We study optical second harmonic generation from metallic dipole antennas with narrow gaps. Enhancement of the fundamental-frequency field in the gap region plays a marginal role on conversion efficiency. In the symmetric configuration, i.e., with the gap located at the center of the antenna axis, reducing gap size induces a significant red-shift of the maximum conversion efficiency peak. Either enhancement or inhibition of second-harmonic emission may be observed as gap size is decreased, depending on the antenna mode excited at the harmonic frequency. The second-harmonic signal is extremely sensitive to the asymmetry introduced by gap’s displacements with respect to the antenna center. In this situation, second-harmonic light can couple to all the available antenna modes. We perform a multipolar analysis that allows engineering the far-field SH emission and find that the interaction with quasi-odd-symmetry modes generates radiation patterns with a strong dipolar component.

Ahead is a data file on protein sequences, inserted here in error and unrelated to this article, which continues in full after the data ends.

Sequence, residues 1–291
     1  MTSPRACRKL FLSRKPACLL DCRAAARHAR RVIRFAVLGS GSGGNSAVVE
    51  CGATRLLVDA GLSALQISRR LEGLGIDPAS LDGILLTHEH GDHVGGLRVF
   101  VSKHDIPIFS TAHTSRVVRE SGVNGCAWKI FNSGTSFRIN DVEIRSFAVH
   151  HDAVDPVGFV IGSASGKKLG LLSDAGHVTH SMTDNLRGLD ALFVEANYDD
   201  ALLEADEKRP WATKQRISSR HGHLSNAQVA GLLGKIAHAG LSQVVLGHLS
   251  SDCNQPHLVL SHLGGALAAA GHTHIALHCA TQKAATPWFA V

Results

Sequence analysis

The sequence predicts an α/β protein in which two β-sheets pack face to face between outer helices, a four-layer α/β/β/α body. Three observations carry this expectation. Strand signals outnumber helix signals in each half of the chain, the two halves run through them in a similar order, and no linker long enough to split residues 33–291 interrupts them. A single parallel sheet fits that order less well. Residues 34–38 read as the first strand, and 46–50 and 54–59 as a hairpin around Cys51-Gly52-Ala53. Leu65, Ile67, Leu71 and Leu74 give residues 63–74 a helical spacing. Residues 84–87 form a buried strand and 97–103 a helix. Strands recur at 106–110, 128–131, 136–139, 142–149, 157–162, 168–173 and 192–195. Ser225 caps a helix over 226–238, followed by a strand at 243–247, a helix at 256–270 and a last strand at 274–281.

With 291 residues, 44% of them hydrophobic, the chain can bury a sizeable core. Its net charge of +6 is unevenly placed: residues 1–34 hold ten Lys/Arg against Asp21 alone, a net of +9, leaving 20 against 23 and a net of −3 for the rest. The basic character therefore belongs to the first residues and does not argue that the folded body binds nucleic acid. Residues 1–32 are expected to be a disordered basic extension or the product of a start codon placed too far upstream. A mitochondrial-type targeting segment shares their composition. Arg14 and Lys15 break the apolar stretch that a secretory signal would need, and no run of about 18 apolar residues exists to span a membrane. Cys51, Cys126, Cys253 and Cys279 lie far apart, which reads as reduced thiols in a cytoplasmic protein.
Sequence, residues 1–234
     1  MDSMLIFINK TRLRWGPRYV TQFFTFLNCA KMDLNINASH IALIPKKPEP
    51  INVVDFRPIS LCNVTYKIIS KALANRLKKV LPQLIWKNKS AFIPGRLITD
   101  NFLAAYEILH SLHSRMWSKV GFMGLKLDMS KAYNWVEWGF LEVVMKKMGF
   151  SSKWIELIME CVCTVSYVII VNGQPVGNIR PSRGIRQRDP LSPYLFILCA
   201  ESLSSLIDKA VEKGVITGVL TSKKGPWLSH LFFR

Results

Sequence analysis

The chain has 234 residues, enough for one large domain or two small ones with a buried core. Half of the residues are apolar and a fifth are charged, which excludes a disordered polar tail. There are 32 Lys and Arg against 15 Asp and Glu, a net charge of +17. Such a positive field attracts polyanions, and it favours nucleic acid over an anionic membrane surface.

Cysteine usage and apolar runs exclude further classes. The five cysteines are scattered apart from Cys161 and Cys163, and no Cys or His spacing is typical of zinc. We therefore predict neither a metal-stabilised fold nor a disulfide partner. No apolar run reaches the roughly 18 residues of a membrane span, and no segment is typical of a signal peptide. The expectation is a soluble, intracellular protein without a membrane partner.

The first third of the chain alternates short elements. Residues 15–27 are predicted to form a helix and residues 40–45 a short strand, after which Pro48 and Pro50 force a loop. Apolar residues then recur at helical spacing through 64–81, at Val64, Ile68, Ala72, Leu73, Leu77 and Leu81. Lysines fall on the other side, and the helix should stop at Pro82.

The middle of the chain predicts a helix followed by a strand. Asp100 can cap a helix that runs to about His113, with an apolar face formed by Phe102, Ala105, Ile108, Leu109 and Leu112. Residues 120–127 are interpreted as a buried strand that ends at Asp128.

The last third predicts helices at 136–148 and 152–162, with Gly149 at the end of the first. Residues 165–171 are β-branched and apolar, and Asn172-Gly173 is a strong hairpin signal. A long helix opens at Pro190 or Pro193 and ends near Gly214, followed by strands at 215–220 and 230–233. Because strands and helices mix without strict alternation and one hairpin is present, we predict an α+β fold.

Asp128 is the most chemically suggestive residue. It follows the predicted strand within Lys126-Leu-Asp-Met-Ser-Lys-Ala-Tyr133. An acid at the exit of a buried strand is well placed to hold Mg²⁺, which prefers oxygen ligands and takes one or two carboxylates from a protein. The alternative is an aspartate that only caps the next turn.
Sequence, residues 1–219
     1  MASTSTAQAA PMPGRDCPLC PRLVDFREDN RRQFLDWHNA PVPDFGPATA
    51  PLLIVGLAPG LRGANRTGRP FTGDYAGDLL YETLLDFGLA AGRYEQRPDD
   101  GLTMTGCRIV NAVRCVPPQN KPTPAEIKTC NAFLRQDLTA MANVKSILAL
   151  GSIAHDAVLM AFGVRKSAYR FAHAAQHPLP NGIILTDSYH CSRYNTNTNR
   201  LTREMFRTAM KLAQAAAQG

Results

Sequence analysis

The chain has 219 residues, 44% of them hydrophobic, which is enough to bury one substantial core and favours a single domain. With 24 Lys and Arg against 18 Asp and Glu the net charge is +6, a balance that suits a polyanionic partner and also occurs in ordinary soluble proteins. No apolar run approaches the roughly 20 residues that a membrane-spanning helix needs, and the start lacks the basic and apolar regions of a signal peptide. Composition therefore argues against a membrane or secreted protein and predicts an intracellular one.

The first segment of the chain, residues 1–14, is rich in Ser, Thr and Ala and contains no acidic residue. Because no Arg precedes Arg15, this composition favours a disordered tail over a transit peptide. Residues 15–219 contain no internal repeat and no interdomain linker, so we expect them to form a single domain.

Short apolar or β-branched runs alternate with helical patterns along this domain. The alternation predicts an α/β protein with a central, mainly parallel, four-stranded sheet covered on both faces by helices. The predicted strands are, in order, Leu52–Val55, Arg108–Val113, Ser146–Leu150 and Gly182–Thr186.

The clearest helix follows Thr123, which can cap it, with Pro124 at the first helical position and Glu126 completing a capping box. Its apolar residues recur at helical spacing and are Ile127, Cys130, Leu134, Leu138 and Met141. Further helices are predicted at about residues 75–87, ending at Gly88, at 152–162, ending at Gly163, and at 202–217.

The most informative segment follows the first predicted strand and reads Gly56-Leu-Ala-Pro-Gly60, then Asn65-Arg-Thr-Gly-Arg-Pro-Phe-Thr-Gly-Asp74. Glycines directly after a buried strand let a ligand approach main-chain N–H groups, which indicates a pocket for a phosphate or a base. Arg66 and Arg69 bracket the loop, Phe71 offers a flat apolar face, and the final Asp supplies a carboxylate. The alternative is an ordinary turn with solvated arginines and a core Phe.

Available at: http://works.bepress.com/joseph_haus/27/